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Meditations on First Philosophy

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Third Meditation, part 3: the existence of God and the Cartesian Circle

Summary Third Meditation, part 3: the existence of God and the Cartesian Circle


When considering God as "a substance that is infinite, eternal, immutable, independent, supremely intelligent, supremely powerful, and which created both myself and everything else," the Meditator realizes that the idea of God must have far more objective reality than he has formal reality: God is an infinite substance whereas he is only a finite substance. Since the idea of God cannot have originated in himself, he concludes that God must be the cause of this idea and must therefore necessarily exist.

The Meditator counters the argument that he might conceive of an infinite being through negation, that is, through conceiving of it in contrast to his own finite being. Doubts and desires come from an understanding that we lack something, and we would not be aware of that lack unless we were aware of a more perfect being that has those things which we lack.

While he can doubt the existence of other things, he cannot doubt the existence of God, since he has such a clear and distinct perception of God's existence. The idea has infinite objective reality, and is therefore more likely to be true than any other idea.

The Meditator then entertains the possibility that he may be supremely perfect, that all his deficiencies are potentialities within him, and that he is slowly improving toward perfection. If perfection is a potentiality within him, then it is plausible that the idea of God could be conceived in him without any outside cause. The Meditator rejects this possibility for three reasons: first, God is all actual and not at all potential; second, if he is constantly improving, he will never attain that perfection where there is no room for improvement; and third, potential being is not being at all: the idea of God must be caused by something with infinite actual being.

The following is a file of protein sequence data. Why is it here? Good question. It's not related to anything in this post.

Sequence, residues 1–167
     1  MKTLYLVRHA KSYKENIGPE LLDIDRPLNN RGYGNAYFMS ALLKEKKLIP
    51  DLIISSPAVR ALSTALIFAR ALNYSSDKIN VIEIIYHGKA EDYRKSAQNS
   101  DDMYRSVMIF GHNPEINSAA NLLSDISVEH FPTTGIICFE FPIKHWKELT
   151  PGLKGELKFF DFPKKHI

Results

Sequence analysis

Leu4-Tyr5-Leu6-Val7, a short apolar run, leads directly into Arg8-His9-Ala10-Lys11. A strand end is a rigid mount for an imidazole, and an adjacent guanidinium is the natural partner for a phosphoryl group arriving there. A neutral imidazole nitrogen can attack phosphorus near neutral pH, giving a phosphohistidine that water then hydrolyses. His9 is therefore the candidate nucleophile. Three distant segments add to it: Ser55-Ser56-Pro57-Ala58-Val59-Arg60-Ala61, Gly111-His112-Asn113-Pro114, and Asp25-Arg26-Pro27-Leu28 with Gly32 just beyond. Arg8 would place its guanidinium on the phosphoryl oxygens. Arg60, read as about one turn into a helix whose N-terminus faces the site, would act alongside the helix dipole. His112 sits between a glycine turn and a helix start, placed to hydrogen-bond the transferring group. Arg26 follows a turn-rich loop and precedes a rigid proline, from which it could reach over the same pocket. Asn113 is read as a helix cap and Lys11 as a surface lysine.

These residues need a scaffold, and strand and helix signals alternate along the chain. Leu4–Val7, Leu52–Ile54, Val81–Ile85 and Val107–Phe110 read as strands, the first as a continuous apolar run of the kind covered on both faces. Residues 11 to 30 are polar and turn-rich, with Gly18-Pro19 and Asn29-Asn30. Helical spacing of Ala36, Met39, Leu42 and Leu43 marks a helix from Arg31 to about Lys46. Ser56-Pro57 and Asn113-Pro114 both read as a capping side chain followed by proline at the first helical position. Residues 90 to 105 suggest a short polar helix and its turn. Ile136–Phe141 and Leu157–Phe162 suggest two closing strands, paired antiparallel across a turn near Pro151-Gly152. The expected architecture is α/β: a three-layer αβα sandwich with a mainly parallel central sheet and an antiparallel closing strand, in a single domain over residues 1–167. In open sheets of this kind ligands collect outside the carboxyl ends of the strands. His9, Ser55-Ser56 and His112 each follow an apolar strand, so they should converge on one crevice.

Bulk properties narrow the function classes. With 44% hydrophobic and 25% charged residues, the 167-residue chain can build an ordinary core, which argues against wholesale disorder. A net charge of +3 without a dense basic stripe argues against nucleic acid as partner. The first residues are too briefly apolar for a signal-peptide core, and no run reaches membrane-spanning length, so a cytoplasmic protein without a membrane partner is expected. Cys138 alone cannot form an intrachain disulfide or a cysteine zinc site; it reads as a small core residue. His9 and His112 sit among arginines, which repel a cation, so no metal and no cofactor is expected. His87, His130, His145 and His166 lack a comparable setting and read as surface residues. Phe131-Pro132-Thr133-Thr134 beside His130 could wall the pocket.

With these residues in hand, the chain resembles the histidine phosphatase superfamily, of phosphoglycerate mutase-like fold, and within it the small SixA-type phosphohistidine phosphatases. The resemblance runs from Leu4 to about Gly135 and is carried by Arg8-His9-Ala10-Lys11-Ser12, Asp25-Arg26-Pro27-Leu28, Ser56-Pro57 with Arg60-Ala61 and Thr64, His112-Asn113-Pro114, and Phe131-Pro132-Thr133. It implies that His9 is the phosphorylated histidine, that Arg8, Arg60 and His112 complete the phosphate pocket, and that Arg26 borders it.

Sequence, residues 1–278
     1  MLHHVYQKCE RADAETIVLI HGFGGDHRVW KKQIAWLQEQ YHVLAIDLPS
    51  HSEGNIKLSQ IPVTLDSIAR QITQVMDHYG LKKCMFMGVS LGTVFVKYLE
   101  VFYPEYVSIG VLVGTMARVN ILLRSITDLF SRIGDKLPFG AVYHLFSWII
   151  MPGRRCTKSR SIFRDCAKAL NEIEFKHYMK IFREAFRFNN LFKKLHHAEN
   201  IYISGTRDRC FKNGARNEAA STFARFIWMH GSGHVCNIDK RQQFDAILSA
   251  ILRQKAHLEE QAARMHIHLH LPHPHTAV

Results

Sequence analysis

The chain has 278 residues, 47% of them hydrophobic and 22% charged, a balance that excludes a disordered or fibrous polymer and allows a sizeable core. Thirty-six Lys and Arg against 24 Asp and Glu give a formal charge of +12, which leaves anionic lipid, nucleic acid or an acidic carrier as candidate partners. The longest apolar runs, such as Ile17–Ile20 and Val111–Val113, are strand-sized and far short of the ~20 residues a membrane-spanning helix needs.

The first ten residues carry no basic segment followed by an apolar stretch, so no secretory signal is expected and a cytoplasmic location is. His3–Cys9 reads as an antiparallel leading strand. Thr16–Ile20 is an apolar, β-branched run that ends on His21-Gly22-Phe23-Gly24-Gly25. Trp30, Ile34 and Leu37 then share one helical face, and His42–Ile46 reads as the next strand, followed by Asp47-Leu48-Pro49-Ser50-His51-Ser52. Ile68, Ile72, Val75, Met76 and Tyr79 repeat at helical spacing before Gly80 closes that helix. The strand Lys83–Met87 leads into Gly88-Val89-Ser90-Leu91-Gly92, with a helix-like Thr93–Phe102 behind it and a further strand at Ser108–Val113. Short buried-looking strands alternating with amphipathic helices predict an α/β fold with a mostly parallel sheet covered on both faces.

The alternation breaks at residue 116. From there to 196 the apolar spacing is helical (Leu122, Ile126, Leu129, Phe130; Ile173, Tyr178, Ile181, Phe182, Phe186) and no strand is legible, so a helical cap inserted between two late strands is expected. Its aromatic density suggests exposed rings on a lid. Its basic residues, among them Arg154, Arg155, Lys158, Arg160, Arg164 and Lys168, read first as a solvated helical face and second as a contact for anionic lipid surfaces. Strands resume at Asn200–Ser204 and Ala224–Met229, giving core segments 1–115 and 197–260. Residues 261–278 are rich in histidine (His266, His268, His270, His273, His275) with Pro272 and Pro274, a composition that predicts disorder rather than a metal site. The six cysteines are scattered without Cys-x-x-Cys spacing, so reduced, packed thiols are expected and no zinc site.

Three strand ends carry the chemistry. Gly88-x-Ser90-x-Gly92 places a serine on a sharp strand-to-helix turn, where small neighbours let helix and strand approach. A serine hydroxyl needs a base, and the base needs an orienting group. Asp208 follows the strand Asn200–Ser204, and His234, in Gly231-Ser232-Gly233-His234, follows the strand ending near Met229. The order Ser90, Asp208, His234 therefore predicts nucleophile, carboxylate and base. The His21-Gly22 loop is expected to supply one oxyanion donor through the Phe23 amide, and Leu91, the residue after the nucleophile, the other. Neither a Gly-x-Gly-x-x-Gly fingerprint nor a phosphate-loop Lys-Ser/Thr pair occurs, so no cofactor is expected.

If the Meditator could exist without God, he would have come to be out of herself, or from his parents, or from some other being less perfect than God. If he derived his existence from himself, there is no reason that he should have doubts and desires. He also cannot escape this reasoning by supposing he has always existed and never had to come into being. There is no reason that he should continue to exist unless there is some force that preserves him, that creates him anew at every instant. As a thinking thing, he should be aware of that power of preservation though it came from within him.

If his parents or some other imperfect being created him, this creator must have endowed him with the idea of God. If this creator is a finite being, we must still ask with respect to it how it came to possess the idea of an infinite God. We can trace this chain back through countless creators, but we must ultimately conclude that the idea of God can originate only in God, and not in some finite being.

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